Thursday, February 28, 2013

Quadrant 13

Lover of Science Fiction gaming are in for a real treat with the latest arrival from TooFatLardies. Penned by Robert Avery Quadrant 13 are rules for company plus levell actions in a Science Fiction Universe using 6mm to 15mm figures. So, what are they all about?
As lovers of Science Fiction gaming will know, the boom in the last couple of years has been the explosion of superb ranges of 15mm and smaller Sci-Fi figures and vehicles from a whole swathe of new companies with great ideas. What has been missing, for us at least, has been a “generic” set of Science Fiction rules which can allow us to create our own worlds and cultures which we can then populate with these great new ranges.
But what do we mean by generic? Well, over the years we have seen lots of Sci-Fi rule sets which are tied to a specific backdrop created by the publishers. Often this has involved a large slice of background “fluff” which is really only relevant to that particular Universe. What we wanted to create was a set of hard Sci-Fi rules which were totally generic, allowing the gamer to develop his or her own setting using whatever races or technology levels they wanted. And Robert Avery was the man for the job!
Robert has worked with us to produce many scenario supplements in the past and has been a long-time Sci-Fi gamer with a leaning to the hard side of the genre. He wanted to put together a set of rules where the gamer was in charge and where the mechanisms were there to allow them complete freedom in their game design. Quadrant 13 is the result.
Borrowing the game engine used for Charlie Don’t Surf, our Vietnam rules, and I Ain’t Been Shot Mum, our WWII rules, Robert took Quadrant 13 and applied a whole new layer of technological detail and Sci-Fi feel. Now you can field forces of differing technologies with a whole raft of settings. ,Quadrant 13 is a stand-alone game: no other rulebooks or supplements are necessary to play. The rules contain a guide to creating your forces as well as a scenario generator and several army lists.
http://toofatlardies.co.uk/
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I've just gave the PDF a quick read....and I like what I'm seeing!

Quadrant 13 After Action Reports

Q13 is a company-sized game covering science fiction warfare aimed primarily at using 6-15mm figures. It uses the same basic mechanics as IABSM and/or CDS, but is as different in flavour from them as they are from each other.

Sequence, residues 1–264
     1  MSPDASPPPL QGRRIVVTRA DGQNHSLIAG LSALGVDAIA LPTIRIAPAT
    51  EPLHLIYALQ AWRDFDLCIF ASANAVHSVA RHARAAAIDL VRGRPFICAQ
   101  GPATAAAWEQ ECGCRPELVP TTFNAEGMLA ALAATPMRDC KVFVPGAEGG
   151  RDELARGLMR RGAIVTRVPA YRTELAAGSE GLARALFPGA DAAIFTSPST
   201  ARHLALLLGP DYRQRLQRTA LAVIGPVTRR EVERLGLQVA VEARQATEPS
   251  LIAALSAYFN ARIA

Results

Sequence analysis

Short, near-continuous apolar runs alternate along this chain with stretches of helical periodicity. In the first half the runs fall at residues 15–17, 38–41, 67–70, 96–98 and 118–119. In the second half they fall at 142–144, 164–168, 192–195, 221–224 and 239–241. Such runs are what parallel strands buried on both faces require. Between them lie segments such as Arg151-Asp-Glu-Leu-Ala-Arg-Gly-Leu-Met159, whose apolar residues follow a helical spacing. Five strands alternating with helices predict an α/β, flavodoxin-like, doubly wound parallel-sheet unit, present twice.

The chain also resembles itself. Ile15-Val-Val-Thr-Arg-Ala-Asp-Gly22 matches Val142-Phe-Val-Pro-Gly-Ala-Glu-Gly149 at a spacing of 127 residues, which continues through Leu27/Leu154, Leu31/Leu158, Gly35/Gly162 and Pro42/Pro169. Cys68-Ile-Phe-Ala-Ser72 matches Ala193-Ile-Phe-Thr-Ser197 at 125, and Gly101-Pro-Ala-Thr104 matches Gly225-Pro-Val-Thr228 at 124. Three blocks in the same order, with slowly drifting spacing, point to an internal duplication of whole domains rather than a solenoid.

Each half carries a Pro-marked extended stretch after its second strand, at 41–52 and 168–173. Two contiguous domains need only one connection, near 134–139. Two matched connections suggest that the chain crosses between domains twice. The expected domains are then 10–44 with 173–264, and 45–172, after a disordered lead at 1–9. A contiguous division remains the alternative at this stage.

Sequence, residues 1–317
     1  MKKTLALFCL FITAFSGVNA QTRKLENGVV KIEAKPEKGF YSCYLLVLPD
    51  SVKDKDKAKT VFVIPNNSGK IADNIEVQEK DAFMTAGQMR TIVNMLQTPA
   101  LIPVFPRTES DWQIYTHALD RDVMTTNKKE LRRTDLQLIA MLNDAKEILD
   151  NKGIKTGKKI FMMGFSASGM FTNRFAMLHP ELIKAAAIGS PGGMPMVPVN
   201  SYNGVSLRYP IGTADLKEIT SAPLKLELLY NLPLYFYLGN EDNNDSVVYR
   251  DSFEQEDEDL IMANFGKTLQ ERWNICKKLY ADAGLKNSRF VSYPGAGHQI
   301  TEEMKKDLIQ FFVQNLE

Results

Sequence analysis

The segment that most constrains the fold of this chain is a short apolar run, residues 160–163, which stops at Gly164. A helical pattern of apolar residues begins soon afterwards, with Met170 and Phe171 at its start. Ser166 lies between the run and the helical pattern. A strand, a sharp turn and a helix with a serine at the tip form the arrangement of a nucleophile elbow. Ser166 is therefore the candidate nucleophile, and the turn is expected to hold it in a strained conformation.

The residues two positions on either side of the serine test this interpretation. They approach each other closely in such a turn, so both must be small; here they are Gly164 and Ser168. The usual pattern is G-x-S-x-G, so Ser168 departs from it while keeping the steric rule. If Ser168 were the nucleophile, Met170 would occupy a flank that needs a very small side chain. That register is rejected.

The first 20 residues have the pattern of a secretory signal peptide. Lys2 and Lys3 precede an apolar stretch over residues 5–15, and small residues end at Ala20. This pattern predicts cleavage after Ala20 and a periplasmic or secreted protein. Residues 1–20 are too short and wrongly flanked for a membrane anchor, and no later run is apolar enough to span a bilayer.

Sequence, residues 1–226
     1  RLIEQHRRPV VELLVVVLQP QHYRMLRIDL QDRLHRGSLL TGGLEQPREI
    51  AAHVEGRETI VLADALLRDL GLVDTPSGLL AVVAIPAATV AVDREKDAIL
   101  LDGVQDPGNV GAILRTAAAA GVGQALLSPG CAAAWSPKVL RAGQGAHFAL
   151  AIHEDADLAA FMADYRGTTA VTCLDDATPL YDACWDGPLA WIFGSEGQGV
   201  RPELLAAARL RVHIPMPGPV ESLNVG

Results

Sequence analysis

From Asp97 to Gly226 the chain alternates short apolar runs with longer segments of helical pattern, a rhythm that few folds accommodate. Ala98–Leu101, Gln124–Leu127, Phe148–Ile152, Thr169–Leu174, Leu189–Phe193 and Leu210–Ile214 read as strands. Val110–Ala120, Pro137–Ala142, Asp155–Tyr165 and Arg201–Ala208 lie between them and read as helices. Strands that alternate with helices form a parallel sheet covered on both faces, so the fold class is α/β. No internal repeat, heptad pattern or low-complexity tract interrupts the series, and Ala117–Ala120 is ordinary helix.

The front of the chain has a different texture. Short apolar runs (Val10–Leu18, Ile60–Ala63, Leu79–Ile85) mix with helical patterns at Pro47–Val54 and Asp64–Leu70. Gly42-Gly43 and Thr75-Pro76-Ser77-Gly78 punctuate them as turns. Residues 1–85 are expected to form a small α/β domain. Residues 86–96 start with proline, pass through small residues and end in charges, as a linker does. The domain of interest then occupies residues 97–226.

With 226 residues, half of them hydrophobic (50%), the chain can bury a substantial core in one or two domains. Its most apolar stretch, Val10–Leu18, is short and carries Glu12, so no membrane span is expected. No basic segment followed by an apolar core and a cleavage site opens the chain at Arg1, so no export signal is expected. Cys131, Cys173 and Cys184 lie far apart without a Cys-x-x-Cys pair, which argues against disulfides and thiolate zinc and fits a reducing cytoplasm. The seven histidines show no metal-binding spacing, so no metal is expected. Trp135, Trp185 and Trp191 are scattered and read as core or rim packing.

Q13 is not based on any particular science-fiction universe. The rules are generic: providing a framework into which you must fit the armies you want to field. This framework will translate the vast variety of concepts possible in an effectively infinite science fiction universe into a common idiom, allowing the game’s systems to operate.
From The Page:
One of the things I have wanted to use Q13 for is a series of Invasion Earth scenarios set just after the end of the Second World War. For an as yet unspecified reason, various alien races are attempting to take over the Earth, leading to battles between my WW2 figures and the various sci-fi armies that I'm currently building. Here's the first in the series: Space Bugs versus Americans...

http://www.vislardica.com/

Now this one I've Got To Try! I'm going to get the PDF here shortly and attempt a game within the
next two weeks....)

Monday, February 25, 2013

GZG ECC 16 - An Overview Wrap By Indy

Well, yet another ECC has come and gone. Lots of people showed
up, lots of games were hosted, lots of prizes given out, and lots of
people had fun.



After the long 5-hour drive up (missing the weather channel-
warned storm in the mountain passes of Pennsylvania by a couple
hours), I arrived with plenty of time to check in, unload the car of
my stuff, and get in on Ron Walls' "Star Trek Starship Combat:
Into the Maelstrom" game. Setting was a mystery ship has appeared
in this nebulosity surrounding a black hole near the neutral zone and
both the Freds and Klinks sent a squadron of ships to investigate. I
got to be the mystery ship and it turned out I had the Excelsior Prime
from the Mirror, Mirror universe. Adm Hikaru "Oh Myyy" Sulu
commanding. My goal/objective was to test out the new antiproton
beams that were installed in place of the typical phaser banks
(antiproton beam -think "planet killer" from "The Doomsday